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Hoatzin - BirdForum Opus

Photo © by Dave Bancroft
Hato Pinero, Venezuela, 10 March 2012
Opisthocomus hoazin


62-70 cm; (24 - 26 in); weight 700-900 g; a chicken-sized bird with a "prehistoric" appearance.
Large wings, small head, long neck, long tail. Head almost bare, with frizzy red crest, large bright blue area around eyes, which are red. Short bill. Bronze olive colour above, buff streaks on hindneck and mantle; tail black broadly tipped buff, shoulders pale buff; throat and breast buffy white; remaining underparts and primaries, chestnut coloured.
Sexes similar but female slightly smaller and has lower crest.


Photo © by Christopher Plummer
La Selva lodge, Ecuador, 9 January 2009

Occurs only in South America: found in the Guianas and Venezuela south to Bolivia, Peru and Amazonian Brazil. Amazon and Orinoco basin lowlands.


Appears unrelated to other birds. Has been included in the order Gruiformes and in Cuculiformes but is currently placed in its own order, the Opisthocomiformes.


This is a monotypic species[1].


Swamps, mangroves, lowland flood forest, river banks and oxbow lakes. Occurring from lowlands, to 500 m altitude.

They perch on low or middle branches of vegetation overhanging water; occasionally found in treetops, especially when roosting.


They live in pairs in groups of 50 or more.


Photo © by Stanley Jones
Villa Carmen Lodge, Pilicopata, Cusco Department, Peru, 13 September 2018

Weak fliers because of size of crop, which displace some of breast flight muscles; thus they are sedentary and somewhat ungainly.

They perch on branches, while resting on a callous on sternum on branch. When alarmed, open large wings, displaying bright chestnut flight feathers around a large black spot surrounded by white - this simulates an "eye".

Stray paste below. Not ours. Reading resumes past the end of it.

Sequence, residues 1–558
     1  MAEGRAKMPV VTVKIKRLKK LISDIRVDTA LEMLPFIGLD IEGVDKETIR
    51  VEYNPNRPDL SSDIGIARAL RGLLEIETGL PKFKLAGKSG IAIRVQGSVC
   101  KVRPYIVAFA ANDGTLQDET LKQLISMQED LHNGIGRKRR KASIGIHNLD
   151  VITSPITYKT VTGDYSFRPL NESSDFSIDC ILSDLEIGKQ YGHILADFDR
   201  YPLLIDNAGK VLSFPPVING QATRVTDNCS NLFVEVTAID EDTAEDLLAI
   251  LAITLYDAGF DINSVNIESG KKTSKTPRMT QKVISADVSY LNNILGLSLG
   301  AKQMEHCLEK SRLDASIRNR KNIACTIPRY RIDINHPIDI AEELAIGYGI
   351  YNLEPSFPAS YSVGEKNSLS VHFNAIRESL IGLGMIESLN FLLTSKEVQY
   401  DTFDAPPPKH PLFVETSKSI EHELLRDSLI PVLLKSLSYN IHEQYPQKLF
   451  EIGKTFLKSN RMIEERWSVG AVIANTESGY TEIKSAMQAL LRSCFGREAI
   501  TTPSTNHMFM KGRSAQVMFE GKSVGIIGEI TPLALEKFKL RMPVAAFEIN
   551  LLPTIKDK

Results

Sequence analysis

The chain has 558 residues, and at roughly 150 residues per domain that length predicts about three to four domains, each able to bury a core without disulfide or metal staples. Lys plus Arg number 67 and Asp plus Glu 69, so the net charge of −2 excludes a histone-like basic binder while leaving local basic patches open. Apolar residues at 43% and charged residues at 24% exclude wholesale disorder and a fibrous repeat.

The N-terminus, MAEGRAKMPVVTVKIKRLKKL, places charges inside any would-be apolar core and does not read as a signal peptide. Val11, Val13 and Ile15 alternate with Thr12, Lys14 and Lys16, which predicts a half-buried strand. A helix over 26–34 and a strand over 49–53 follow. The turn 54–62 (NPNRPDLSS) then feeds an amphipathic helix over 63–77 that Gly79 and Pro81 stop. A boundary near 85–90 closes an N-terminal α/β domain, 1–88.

Diurnal and nocturnal, tends to rest during hottest part of day.


Feeds primarily on leaves and shoots of some marsh and swamp plants, mainly arums (philodendron family). Leaves are ground in the large double crop, and ferment there, giving bird a musky odour.

The are not palatable to humans but preyed on by monkeys.


Breeds during rainy season. During breeding, they live in small groups of two to ten; a few of which are breeders and the others, "helpers". Entire group incubates eggs and cares for young, which are fed from crop of adult caretakers. Mating probably polygamous and promiscuous.

The nest is a loose stick platform two to eight metres above water. Each nest contains two (occasionally three) creamy oblong eggs spotted with pink, blue or brown. Incubation about 28 days. Newly-hatched Hoatzins almost featherless, but rapidly grow down, and have claws on first and second digits, so they can climb on vegetation. When in danger, they drop into the water, using claws, bills and feet to climb out (they may not return to nest). Claws disappear at time of definitive plumage formation. Remain in nest for several weeks after hatching.


Defensive call: a wheezing hiss.


  1. Clements, J. F., T. S. Schulenberg, M. J. Iliff, S. M. Billerman, T. A. Fredericks, J. A. Gerbracht, D. Lepage, B. L. Sullivan, and C. L. Wood. 2021. The eBird/Clements checklist of Birds of the World: v2021. Downloaded from https://www.birds.cornell.edu/clementschecklist/download/
  2. Thomas, B.T., Kirwan, G.M. & Sharpe, C.J. (2019). Hoatzin (Opisthocomus hoazin). In: del Hoyo, J., Elliott, A., Sargatal, J., Christie, D.A. & de Juana, E. (eds.). Handbook of the Birds of the World Alive. Lynx Edicions, Barcelona. (retrieved from https://www.hbw.com/node/53530 on 21 July 2019)
  3. Billerman, S. (2012). Hoatzin (Opisthocomus hoazin), version 1.0. In Neotropical Birds Online (T. S. Schulenberg, Editor). Cornell Lab of Ornithology, Ithaca, NY, USA. https://doi.org/10.2173/nb.hoatzi1.01

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